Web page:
It’s been a while since the US president expressed his dissatisfaction with the strength of the
dollar, but he was at it again over the weekend. Following Trump’s comments, the US
currency did slip ever so slightly on the opening last night, but generally the reaction was
extremely muted, a kind of digital yawn if you like.
In repeating his criticism of the Fed for the level of the dollar he merely underscores his own
ignorance of what is equally behind the US currency’s elevated position. The very thing that
he himself seeks to promote- relative economic outperformance. So, if you truly want ‘To
make America great again’ Mr Trump then accept there’s a price to pay for the success of
such an aspiration- a dollar price!
Anyway Trump has made his opinion known several times now, so continued repetition may
prove counterproductive, if it hasn’t already. At the end of the day, the dollar is like the tide,
it ebbs and it flows, so ride it on the way in, and ride it on the way out, but sometimes you
simply have to wait for it to turn first.
Assuming the markets can look beyond the politics on all fronts there are a number of
important economic releases/central bank decisions due this week. The headline of all those
(noted below) is the RBA, BOC and ECB monetary policy decisions concluding with the US
monthly jobs numbers on Friday. Whilst no policy changes are expected anywhere this
week, as is often the case, it will be the soundbites and statements that could have the most
So, with the dollar pretty much disregarding the US presidents displeasure, the USDJPY is
largely unchanged as it hovers around the 112 mark. That in turn has continued to have an
impact on gold which has fallen further since Friday, dropping through $1300 and
approaching $1290 ahead of the European reopening today. Understandably the moves in
the JPY and Gold are again being underpinned by US yields with the 10year higher again too, trading around 2.76% this morning.
The pound did lift on the Asian opening, snapping some of Friday’s losses, on further
optimism that the EU will offer some sort of olive branch on the backstop. As to whether or
not that is the case, and in turn would be enough for a parliamentary consensus remains to
be seen. Beyond that and all of the above, it just leaves the two main events this week
which could impact the markets: the ECB policy decision and the US monthly payroll report
due on Thursday and Friday respectively.
The ECB in particular will be in the spotlight for signs that just maybe Draghi will look
through the recent economic weakness and that might provide a fillip for the EUR, but
personally I remain doubtful that he will. The markets will also be on the lookout for signs of
US wage inflation (or lack of it) on Friday which if nothing else will surely further annoy the
US president if that does lead to higher yields and a firmer dollar.
Whilst the EURUSD itself is continuing to give a very good impression of a comatose patient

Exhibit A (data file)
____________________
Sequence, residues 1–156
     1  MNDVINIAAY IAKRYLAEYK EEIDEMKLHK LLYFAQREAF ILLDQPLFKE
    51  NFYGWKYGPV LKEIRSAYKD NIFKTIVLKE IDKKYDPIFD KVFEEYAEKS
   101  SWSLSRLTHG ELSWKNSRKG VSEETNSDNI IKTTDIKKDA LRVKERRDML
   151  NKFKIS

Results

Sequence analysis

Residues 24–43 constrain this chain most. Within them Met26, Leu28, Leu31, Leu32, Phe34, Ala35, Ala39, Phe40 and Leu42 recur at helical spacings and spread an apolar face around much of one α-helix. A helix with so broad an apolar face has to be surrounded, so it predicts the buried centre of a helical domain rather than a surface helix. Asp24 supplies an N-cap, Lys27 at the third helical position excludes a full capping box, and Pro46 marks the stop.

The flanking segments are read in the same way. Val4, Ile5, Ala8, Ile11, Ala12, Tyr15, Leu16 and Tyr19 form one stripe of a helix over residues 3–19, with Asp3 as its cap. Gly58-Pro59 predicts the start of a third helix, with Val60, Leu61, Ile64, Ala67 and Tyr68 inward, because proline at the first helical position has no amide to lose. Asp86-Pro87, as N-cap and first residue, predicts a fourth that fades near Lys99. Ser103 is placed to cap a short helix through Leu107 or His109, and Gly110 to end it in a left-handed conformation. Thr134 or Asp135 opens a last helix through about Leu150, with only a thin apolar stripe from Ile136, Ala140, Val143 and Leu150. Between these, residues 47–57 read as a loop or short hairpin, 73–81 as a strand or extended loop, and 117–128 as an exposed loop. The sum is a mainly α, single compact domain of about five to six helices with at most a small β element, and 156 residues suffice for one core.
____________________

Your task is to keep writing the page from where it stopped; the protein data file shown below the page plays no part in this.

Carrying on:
that surely cannot last forever can it? At some point it will either emerge from that or someone will have to take the decision to switch off the life support machine. The nearest
points of interest for me now reside around 1.1225 where this is a pretty clearly defined
double bottom in place and thereafter at 1.1185. The latter if broken could be decisive for
the next move. Conversely, a break above 1.1450 could also endorse the opposite.
However, all the time the EUR is the perceived funding currency of choice it will require
something of a fundamental change in current ECB policy or at the very least, some sign that
a change will be coming sooner rather than later.
The markets are now even more seriously buoyed for a good outcome in the China/US trade
talks than they were this time last week. Once again the weekend the press would have us
assume that a deal is nigh. Much of this seems based on optimism with scant hard detail, so
a healthy degree of scepticism is still warranted I feel, but the signs are increasingly positive
all the same.
Meantime, the US president can bleat and moan all he likes about the dollar and the Fed,
but increasingly all he might get back are the echoes of his own rhetoric as he stands
barefoot on the beach, barking at the tide!
Important Economic Releases Due this week
05/03- 3.30am Reserve Bank of Australia (RBA) Monetary policy decision
Benchmark rate expected unchanged at 1.50%
05/03- 9.30am UK CIPS February Services PMI Index
06/03- 12.30am Australia Q4 2018 final GDP revision
06/03- 1.15pm US ADP February private payroll report
06/03- 3.00pm Bank of Canada Monetary Policy Decision
Benchmark rate expected unchanged at 1.75%
07/03- 12.45pm Eurozone- ECB Monetary policy decision
No expected changes to all the benchmark rates
07/03- 1.30pm ECB post policy decision press conference
08/03- 1.30pm US February monthly Jobs report